Development of an Efficient Static Shaft Wankel Expander for Organic Rankine Cycles
Gavin Tozer, Jonri Lomi Ga, Raya Al-Dadah, Saad Mahmoud
Abstract: The Organic Rankine Cycle (ORC) presents one suitable solution to the utilisation of low grade heat from some renewables and waste heat from industrial and power generation processes. However, the efficiency of the ORC will be dependent on the efficiency of the expansion device. The Wankel expander shows promise because the disadvantages of the combustion engine are lost when used as an expansion device. Furthermore, it has the advantages of few moving parts, a high power to weight ratio, low noise and vibrations and simplicity in design and manufacture. However, to achieve a good efficiency, an external valve setup is usually required. This paper presents an alternative form of the Wankel expander in which this is not required and the desirable simplicity is maintained. To analyse this expander computational fluid dynamics was utilised. The simulation results gave a maximum isentropic efficiency of 85% (2bar inlet gauge pressure, 6000RPM, 245W). The case with the maximum power gave 572W (3bar inlet gauge pressure, 9600RPM) but only achieved 73% efficiency. The performance of the expander was then compared to other expanders from literature, where it faired comparably in terms of efficiency and as it has greater simplicity, it could be preferred in many applications.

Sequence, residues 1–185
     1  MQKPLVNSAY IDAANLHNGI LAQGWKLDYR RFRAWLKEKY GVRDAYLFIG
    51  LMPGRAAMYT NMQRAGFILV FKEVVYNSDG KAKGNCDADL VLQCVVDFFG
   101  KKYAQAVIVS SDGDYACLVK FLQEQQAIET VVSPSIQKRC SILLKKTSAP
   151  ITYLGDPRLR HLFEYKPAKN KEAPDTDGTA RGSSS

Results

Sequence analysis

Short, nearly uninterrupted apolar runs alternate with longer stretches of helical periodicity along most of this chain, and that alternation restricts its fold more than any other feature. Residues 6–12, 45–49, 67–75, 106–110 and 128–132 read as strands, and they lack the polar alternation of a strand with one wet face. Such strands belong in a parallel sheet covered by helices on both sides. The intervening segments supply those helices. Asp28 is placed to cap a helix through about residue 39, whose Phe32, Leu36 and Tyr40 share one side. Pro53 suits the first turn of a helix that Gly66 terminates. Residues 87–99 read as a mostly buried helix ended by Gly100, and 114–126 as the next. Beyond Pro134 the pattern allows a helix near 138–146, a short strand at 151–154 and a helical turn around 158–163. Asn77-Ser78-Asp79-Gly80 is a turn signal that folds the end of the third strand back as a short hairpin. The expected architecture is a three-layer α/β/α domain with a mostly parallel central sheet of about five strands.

20 mins
Rotary Vane Expander – Analysis and Prediction of Delayed Chamber Closure
Vaclav Vodicka, Vaclav Novotny, Zbynek Zeleny, Jakub Mascuch